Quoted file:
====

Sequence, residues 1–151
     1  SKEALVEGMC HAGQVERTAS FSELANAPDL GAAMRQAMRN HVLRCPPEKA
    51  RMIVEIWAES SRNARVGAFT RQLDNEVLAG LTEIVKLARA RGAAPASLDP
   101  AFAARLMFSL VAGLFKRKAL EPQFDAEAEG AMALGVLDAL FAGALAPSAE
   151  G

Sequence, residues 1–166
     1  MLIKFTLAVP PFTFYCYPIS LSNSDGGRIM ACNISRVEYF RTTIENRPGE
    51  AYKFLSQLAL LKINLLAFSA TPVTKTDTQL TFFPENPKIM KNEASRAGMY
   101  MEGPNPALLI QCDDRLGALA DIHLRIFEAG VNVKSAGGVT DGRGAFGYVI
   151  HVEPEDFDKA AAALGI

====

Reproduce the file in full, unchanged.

Sequence, residues 1–151
     1  SKEALVEGMC HAGQVERTAS FSELANAPDL GAAMRQAMRN HVLRCPPEKA
    51  RMIVEIWAES SRNARVGAFT RQLDNEVLAG LTEIVKLARA RGAAPASLDP
   101  AFAARLMFSL VAGLFKRKAL EPQFDAEAEG AMALGVLDAL FAGALAPSAE
   151  G

Sequence, residues 1–166
     1  MLIKFTLAVP PFTFYCYPIS LSNSDGGRIM ACNISRVEYF RTTIENRPGE
    51  AYKFLSQLAL LKINLLAFSA TPVTKTDTQL TFFPENPKIM KNEASRAGMY
   101  MEGPNPALLI QCDDRLGALA DIHLRIFEAG VNVKSAGGVT DGRGAFGYVI
   151  HVEPEDFDKA AAALGI